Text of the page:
Sarah Kliff has two very interesting articles at The Washington Post this week about the Affordable Care Act and tobacco. In the first, she looks at how the law prohibits or limits insurance companies charging higher prices to higher risk clients, with one key exception: They can charge smokers up to 50% more. Interestingly, anti-cancer groups and tobacco companies have teamed up to oppose this provision, though obviously for different reasons.
Her follow-up post examines the under-the-radar question of how the government should define “tobacco user” for health insurance purposes:
[...] the law says nothing more about what counts as “tobacco use.” And that’s a hard factor to regulate: Unlike age, where subscribers have one definite birth date, the idea of who counts and doesn’t count as a tobacco user is really fuzzy. Enter the regulators!
The impact on the cost of insurance for smokers could be huge, especially for those with lower incomes:
For a low-income American faced with the surcharge, their premium could jump from $708 to $3,308. That jump is larger than 50 percent due to the fact that the base premium gets a federal subsidy, while the tobacco surcharge does not.
Regardless of whether this is good policy, it’s clear that frequent smokers of cigarettes should count as tobacco users. But what about people who only smoke an occasional cigarette socially? Or enjoy an infrequent cigar? Or people who use other forms of tobacco entirely? These users have very different risk profiles, but the law could treat them equally. This would put them in the difficult position of either paying exorbitantly for health insurance or lying about their status, the latter option putting them at risk for losing coverage.
Health and Human Services has invited comment on what questions should be asked of insurance applicants to determine whether they count as tobacco users. Kliff mentions a few suggestions, all of which inquire about use within a given period of time:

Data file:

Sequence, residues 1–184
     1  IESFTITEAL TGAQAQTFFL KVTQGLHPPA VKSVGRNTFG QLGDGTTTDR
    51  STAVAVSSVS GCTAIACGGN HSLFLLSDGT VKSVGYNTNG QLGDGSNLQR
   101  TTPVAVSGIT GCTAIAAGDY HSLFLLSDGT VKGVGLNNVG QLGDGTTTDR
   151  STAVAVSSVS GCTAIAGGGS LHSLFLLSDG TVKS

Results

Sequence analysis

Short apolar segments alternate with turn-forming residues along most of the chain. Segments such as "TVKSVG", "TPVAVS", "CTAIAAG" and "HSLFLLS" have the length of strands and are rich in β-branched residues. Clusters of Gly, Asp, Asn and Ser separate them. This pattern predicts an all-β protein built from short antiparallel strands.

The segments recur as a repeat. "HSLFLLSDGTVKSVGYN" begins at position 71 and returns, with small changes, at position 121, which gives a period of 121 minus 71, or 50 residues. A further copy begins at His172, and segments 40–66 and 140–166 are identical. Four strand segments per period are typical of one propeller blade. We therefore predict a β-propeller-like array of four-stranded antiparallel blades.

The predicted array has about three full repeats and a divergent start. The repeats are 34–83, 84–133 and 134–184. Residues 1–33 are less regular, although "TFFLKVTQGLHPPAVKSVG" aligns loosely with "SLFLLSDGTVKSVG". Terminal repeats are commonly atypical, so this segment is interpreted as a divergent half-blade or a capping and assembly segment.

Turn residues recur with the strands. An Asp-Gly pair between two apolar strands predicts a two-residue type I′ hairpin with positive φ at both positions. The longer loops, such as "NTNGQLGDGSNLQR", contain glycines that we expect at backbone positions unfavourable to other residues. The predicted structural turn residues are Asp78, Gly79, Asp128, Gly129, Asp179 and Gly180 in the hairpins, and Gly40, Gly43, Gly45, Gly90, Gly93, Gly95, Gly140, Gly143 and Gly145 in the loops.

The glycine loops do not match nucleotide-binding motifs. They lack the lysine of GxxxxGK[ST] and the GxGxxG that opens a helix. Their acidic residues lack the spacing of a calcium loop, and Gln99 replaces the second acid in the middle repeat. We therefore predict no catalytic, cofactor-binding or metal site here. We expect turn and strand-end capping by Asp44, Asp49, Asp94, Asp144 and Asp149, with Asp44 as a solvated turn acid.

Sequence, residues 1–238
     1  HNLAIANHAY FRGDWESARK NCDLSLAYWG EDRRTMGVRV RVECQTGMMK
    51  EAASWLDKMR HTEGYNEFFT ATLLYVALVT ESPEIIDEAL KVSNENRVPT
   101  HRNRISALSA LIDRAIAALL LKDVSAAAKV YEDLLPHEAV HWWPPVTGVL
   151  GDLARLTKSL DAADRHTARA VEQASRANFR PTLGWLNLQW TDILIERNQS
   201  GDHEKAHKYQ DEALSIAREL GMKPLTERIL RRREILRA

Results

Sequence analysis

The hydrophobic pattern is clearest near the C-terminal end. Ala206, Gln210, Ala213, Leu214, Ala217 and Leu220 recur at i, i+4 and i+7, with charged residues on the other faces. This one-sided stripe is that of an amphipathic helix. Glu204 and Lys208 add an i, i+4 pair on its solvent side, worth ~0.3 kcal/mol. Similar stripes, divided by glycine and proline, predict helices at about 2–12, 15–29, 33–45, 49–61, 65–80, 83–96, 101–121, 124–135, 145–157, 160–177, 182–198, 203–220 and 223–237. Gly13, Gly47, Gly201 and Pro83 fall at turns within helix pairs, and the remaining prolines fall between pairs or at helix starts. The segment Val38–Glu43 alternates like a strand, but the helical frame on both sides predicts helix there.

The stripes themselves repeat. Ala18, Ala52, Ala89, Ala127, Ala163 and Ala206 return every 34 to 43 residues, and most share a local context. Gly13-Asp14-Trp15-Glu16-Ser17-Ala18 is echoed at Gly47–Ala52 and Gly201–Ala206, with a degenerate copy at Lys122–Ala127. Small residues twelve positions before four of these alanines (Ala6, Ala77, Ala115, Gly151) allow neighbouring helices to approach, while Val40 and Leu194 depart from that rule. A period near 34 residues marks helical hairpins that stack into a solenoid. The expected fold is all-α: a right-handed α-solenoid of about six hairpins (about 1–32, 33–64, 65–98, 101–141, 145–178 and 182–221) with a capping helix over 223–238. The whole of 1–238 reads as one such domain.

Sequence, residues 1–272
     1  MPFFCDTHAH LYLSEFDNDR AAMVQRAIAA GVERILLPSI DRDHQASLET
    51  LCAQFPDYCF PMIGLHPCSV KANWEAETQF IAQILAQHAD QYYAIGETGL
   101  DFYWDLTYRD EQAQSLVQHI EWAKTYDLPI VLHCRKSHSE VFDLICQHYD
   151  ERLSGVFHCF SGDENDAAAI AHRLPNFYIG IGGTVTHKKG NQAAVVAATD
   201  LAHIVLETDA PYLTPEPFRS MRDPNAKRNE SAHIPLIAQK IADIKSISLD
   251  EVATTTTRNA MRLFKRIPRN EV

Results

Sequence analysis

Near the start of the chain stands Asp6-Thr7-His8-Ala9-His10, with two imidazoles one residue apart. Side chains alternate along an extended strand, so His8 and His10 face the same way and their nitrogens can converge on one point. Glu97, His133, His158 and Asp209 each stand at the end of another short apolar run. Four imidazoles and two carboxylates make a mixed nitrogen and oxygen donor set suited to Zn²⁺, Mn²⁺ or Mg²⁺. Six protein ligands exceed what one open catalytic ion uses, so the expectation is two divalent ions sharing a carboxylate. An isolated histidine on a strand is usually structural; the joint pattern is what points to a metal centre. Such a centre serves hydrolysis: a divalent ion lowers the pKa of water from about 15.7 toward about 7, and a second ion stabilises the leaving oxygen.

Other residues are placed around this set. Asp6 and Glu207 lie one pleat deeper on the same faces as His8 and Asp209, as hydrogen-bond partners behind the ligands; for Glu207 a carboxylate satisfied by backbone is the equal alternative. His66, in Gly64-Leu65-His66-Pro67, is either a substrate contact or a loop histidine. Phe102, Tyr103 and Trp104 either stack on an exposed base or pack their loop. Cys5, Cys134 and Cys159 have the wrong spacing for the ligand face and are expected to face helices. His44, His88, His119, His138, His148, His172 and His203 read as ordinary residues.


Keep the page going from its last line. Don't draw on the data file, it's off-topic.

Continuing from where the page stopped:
The Campaign for Tobacco Free Kids argues that it should be defined as smoking within a set amount of time.
“The Department will need to determine a period that is not so short as to allow allow a person to identify himself or herself as not a tobacco user if he or she ‘quit’ the day they applied for health insurance but not so long as to include people who have actually quit,” the group writes in public comment.
America’s Health Insurance Plans, which represents most health insurance companies, proposes a two-part question: “Have you used tobacco in the last twelve months?” and “Are you currently using tobacco products?”
These suggestions simply reframe the question, grouping people into smokers or non-smokers/quitters. They don’t address casual use. A casual cigar smoker would have to answer yes to both questions posed by America’s Health Insurance Plans. Twelve months is a long time! Should someone who enjoys an occasional cigar have to pay 50% (or more) higher on their insurance premiums, the same penalty faced by pack-a-day smokers?
A sensible definition would address not only recency of tobacco use, but also frequency within that time period (and possibly the form of tobacco used). Unfortunately, this consideration doesn’t appear to be part of the current discussion. That oversight, along with the looming threat of FDA regulation and calls for higher tobacco taxes, is one more item that could make this a tough year for the cigar industry.
Related: Here’s my article from The Atlantic a couple months ago arguing for a different approach to tobacco regulation. And at Quora, I reference some of the research comparing the risks of cigars and cigarettes.